Now we had to build the site. We bought the domain from some guy whose kids had purchased it just a few months before. I didn’t now what “DNS” meant. But suddenly I had to point some “DNS” records at a “host.” I called my friend at MIT. I chose the hosting company b/c they were located in my hometown, and occupied what used to be a mall near my house. What was the name of that hometown hosting company? Rackspace. Yeah. @BoraZ @arikia @katherinesharpe Yeah this is deep, deep history here. Pre-cambrian.

Anarchy was built into the site from day 1. No one would have signed up if we hadn’t given them free reign to say anything. This is the advantage of starting from nothing: No institutional reputation to ruin.

Eager followers gathered as Mims continued. “Psst. If you’re missing it, @mims is tweeting the super secret history of ScienceBlogs,” John Rennie—who writes a blog for PLoS, which hosts one of a newer crop of online science blogging communities—whispered about an hour into the tale.

“@mims dude can’t you put this all into a one long blog rather than tweets?” George Musser, Scientific American space and physics editor and solar blogger, asked. In response, Mims announced that he would continue in a blog post later, but quickly relented at the urging of Martin Robbins, a blogger in the Guardian’s community.

“No… keep tweeting, I’ll have it in a storify later. We’re all hooked!” he wrote to Mims and Musser, referring to a site that allows people to search for Tweets, photos, and videos, drag them into a template, add context, and construct a story. It was his first attempt at using the tool, and he posted the impressive result after Mims finished his story a while later. (“I love this. A fascinating history of Scienceblogs.com, written in tweets (by @mims) and collected via Storify,” New York University’s Jay Rosen wrote less than two hours after its posting.)

So Mims continued as before:

So when SB first launched, there were tons of rough edges. Genius thing our tech person did was set up a private chat back-channel. Bloggers used it to solve each other’s tech issues. So e.g. @razibkhan [Rhazib Khan] was instrumental in squashing bugs. Without him the site would have imploded. At the time Movable Type was the enterprise blogging platform of choice, so it’s what we used. It was like all utopias - at first everyone is full of idealism, people help each other, they’re going to change the world etc. Anyway, the most interesting part of a thing is always its birth. I’m winding down already. Mostly because the most outrageous stories about working at Seed can never be told without fear of reprisal.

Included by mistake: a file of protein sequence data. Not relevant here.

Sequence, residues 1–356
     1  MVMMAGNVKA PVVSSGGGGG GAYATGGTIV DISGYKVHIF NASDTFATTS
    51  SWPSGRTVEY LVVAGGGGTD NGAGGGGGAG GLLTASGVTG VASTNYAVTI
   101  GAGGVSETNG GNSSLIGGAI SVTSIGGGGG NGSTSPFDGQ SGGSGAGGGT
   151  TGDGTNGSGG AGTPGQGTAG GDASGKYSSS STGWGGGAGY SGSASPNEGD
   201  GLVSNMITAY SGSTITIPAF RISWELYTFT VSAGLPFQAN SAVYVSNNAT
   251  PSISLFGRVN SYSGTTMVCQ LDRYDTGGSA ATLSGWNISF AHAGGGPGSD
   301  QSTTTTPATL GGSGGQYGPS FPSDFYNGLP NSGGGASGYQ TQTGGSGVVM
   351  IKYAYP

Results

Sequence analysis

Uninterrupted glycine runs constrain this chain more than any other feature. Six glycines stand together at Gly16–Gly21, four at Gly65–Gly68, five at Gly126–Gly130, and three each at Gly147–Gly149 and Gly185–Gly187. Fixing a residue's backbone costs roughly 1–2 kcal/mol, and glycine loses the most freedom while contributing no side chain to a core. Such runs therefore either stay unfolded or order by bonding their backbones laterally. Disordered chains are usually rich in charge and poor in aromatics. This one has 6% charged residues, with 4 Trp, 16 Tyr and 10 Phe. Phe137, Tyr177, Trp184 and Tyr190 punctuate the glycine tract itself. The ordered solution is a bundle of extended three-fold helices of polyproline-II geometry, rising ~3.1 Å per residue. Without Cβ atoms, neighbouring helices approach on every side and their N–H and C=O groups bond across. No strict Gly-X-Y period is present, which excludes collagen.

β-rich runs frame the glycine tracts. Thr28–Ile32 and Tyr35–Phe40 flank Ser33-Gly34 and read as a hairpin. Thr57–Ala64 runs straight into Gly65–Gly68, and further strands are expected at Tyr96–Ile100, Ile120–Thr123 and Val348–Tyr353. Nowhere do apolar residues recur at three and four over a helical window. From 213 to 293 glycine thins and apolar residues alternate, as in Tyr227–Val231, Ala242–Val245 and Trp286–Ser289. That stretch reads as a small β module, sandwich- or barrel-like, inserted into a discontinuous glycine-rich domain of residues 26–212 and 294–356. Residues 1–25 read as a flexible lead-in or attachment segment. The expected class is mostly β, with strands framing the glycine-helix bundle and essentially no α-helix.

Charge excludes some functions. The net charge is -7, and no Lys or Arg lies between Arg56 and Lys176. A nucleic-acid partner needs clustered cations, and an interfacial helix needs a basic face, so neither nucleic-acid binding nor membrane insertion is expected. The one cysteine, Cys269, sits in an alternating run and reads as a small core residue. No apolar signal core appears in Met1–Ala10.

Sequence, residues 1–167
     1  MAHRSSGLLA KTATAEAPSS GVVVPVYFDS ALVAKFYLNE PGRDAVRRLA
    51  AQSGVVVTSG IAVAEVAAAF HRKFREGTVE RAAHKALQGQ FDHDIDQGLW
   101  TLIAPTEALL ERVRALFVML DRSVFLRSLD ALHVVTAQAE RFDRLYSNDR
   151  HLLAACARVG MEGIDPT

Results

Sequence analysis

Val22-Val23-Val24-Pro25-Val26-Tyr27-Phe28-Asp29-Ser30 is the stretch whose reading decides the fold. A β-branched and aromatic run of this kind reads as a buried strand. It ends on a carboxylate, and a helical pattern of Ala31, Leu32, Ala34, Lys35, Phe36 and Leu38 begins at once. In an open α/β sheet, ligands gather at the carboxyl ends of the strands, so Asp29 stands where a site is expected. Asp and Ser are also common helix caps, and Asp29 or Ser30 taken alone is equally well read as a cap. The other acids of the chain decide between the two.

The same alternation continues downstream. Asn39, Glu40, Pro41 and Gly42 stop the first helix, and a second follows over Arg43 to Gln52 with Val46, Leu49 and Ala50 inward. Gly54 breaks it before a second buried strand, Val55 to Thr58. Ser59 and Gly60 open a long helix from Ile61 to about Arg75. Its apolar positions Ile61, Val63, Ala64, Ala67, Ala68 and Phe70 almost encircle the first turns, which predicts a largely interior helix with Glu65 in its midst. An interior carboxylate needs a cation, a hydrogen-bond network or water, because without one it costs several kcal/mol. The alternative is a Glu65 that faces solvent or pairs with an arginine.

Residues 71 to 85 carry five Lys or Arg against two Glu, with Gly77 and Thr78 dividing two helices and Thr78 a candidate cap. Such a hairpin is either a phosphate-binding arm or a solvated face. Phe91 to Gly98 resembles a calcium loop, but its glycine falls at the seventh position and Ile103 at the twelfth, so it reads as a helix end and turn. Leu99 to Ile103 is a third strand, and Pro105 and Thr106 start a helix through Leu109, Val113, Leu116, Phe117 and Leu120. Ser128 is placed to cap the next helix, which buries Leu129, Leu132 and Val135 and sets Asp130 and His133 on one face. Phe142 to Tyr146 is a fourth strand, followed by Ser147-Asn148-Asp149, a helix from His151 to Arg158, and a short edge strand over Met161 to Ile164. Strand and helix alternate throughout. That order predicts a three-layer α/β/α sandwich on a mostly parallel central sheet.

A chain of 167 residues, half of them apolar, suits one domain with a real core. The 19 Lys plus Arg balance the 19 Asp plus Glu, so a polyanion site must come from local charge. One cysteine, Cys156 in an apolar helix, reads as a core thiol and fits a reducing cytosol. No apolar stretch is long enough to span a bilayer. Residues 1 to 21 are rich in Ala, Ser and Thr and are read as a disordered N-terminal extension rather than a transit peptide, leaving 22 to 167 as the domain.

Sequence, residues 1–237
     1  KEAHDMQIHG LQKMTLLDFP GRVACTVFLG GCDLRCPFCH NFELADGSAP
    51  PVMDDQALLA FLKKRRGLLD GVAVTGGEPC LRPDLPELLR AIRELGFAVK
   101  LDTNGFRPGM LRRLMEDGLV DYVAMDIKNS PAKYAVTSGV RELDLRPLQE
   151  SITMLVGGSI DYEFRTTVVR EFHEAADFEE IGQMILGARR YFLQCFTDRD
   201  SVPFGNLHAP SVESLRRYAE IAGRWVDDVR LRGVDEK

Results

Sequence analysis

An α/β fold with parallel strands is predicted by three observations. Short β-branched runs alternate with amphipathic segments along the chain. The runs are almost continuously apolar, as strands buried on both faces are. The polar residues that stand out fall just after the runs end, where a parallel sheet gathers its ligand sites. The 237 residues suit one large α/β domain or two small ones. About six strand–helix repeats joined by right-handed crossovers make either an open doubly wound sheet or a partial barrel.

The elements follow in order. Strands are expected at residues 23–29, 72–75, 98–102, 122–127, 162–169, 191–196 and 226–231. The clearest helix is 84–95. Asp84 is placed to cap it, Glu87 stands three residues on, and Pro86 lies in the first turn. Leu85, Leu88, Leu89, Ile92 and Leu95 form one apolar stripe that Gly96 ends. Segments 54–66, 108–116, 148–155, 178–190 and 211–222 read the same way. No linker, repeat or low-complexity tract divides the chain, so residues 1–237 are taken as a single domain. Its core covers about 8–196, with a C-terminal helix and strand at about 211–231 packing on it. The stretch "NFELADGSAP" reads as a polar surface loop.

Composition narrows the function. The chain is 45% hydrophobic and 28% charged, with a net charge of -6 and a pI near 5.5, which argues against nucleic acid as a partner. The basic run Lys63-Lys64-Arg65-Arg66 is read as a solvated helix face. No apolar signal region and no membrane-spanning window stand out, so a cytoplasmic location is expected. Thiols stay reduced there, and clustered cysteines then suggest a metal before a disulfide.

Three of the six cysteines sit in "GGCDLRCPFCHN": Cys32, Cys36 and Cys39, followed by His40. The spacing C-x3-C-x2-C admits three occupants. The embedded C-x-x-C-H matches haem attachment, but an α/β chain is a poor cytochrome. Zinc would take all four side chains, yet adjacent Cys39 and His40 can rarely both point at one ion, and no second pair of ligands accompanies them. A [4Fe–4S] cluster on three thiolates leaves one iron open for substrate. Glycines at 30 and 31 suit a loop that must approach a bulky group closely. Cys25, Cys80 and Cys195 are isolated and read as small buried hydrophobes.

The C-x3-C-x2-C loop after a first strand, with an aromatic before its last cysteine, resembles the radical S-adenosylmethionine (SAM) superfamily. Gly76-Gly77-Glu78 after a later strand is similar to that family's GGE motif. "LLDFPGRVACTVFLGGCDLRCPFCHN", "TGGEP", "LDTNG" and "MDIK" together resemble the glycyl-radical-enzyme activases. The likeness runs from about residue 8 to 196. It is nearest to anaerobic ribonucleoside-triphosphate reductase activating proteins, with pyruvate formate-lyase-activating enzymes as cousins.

“So that’s what we used,” Ed Yong—who launched his blog, Not Exactly Rocket Science, at Scienceblogs.com before moving it to Discover’s community—chimed in, noting that the bit about Movable Type made him snort Pepsi through his nose. The choice of drink was an amusing coincidence.

Like Scienceblogs.com, Discover was a pioneer in science blogging communities, and began to draw blogs away from Seed’s community as early as 2008 and 2009, when it acquired, respectively, Carl Zimmer’s The Loom and Chris Mooney’s The Intersection. Yong joined in 2010, a few months before the scandal that would usher in a more precipitous decline for Scienceblogs. In July 2010, Seed Media Group was forced to cancel a nutrition blog that it had allowed the Pepsi Company to create after its members began defecting in protest.

But that was long after Mims left and way ahead of his story. After requiring some help from a number of followers remembering how many blogs made up Scienceblogs.com at the outset (it was fourteen, pointed out Bora Zivkovic, the editor of Scientific American’s blog network, who moved his personal blog off Scienceblogs after the Pepsi incident), he kept going:

Basically, after that it was just about finding other interesting bloggers to bring on board. The site literally ran itself. Editorially I mean. The upside of no oversight was… no work for editors. Thus was born the term “cat herding” We tried to come up with ways to incentive ppl to write on the same subject, because we couldn’t tell them what to do. It was an education in the ‘future’ of journalism — no control, no hierarchy, just… self organization.

Curtis Brainard is the editor of The Observatory, CJR's online critique of science and environment reporting. Follow him on Twitter @cbrainard.